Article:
He returned to London last autumn from a year in America.  He was, according to several friends, appalled by a change in the public perception of homosexuals, in the light of growing consciousness of Aids.  Furthermore a close friend, from the National Theatre production of Coriolanus, had just died of the disease.  London Lighthouse, the organisation that had counselled him, was unable to raise the money for Britain's first hospice for Aids victims.  

Acting Shakespeare is the show that, for eight years, McKellen has used to fill the rare moments when he has been out of work.  It is an infectiously enthusiastic anthology from his experience of Shakespeare, of parts he has played (Romeo to Coriolanus), and some he will never play (Juliet and Mistress Quickly).  London Lighthouse took all the profits from a seven-week run: the sum, 450,000, has enabled it to start building.  It was a generous gesture, a reaction to a hard-luck story from a man whose life has featured none.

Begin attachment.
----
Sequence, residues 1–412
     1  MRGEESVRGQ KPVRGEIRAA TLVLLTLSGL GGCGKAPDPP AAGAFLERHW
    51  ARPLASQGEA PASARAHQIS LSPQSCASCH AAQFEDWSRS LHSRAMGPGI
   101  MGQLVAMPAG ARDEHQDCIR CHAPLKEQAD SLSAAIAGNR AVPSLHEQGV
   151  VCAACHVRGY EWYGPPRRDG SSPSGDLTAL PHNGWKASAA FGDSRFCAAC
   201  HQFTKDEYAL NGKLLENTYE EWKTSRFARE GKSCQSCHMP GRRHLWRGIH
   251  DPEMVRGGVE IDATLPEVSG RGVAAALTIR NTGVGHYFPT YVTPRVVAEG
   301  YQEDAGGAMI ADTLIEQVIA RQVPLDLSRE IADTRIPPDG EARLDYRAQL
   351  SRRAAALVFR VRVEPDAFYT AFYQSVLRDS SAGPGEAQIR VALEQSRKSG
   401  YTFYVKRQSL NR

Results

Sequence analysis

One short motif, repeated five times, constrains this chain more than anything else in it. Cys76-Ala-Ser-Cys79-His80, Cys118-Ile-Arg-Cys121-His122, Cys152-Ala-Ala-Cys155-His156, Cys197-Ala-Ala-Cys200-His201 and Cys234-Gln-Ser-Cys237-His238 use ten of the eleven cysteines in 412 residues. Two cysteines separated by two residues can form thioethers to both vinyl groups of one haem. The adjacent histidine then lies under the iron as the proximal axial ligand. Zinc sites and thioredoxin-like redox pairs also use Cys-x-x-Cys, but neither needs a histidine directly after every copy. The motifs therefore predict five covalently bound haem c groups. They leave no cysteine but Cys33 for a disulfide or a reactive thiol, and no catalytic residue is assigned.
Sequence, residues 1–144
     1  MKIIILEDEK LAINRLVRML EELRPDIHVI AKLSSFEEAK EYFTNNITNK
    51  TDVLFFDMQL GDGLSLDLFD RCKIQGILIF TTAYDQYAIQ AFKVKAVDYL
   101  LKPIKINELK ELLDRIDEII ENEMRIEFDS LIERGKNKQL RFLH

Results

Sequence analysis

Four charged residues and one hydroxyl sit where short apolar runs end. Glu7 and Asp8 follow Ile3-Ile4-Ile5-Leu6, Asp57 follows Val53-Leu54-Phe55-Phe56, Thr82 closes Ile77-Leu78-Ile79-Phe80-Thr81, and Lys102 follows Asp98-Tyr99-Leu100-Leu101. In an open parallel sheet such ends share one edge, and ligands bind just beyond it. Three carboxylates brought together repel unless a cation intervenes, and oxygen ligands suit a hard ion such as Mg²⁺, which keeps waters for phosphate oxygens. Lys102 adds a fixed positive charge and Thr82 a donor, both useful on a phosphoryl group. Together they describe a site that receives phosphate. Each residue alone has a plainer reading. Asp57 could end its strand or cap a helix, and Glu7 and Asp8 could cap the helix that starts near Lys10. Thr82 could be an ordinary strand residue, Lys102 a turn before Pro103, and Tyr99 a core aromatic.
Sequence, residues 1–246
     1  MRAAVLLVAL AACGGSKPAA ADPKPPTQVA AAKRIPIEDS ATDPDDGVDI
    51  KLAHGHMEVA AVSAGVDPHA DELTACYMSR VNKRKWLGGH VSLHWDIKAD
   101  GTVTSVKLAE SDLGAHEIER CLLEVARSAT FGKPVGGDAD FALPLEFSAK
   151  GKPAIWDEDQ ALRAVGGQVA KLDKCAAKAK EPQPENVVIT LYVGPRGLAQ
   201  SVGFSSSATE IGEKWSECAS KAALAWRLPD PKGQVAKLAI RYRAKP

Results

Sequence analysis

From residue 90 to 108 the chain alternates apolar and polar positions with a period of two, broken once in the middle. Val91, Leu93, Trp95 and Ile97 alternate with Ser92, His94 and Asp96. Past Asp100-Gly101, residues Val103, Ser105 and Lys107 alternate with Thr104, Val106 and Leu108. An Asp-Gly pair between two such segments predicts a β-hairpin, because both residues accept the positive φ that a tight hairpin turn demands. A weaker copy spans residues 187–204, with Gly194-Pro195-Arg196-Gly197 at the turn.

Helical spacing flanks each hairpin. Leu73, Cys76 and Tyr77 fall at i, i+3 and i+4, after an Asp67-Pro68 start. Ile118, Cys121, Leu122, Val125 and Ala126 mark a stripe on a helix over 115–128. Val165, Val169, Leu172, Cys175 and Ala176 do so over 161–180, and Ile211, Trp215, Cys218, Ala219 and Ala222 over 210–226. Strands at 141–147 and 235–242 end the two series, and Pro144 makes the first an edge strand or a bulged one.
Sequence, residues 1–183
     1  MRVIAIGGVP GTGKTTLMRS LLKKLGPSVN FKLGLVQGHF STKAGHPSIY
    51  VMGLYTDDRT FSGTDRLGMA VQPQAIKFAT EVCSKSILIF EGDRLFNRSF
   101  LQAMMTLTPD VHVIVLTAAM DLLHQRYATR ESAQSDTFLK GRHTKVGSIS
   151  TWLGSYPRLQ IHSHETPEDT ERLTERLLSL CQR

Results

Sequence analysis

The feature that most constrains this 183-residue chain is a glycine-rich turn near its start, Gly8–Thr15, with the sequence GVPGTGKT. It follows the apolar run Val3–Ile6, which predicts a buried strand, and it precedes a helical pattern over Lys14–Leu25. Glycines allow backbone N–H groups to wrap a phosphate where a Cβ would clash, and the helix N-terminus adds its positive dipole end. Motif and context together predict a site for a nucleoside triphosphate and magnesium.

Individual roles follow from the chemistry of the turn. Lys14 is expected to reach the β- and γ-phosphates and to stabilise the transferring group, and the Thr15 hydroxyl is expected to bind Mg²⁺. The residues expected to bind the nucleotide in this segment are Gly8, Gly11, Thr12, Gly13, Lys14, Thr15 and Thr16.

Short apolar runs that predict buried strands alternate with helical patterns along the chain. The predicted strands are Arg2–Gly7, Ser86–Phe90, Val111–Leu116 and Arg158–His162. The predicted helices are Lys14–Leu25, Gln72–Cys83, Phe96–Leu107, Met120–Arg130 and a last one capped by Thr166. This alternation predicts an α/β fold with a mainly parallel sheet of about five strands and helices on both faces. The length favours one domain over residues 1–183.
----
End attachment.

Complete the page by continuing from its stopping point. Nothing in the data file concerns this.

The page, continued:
The ease with which McKellen wears his success perhaps reflects the steady way it came to him.  Born in Burnley in 1939, the son of a borough engineer (and grandson of a preacher who made "large gestures from the shoulder like an actor"), McKellen had a happy childhood in a comfortable semi-detached house poised between Wigan's suburbs and its dark slums.   His parents moved to Bolton when he was 13.

Shortly afterwards his mother died; an event, according to his biographer, "deep and tragic for him."  But his father remarried, and McKellen was friendly with his stepmother.  He followed a smooth path through Bolton's grammar school, where he starred in many plays, to Cambridge.  He might, he has said, have been a journalist, or a teacher. During his schooldays he contributed "Topics of the Day" to the Bolton Evening News.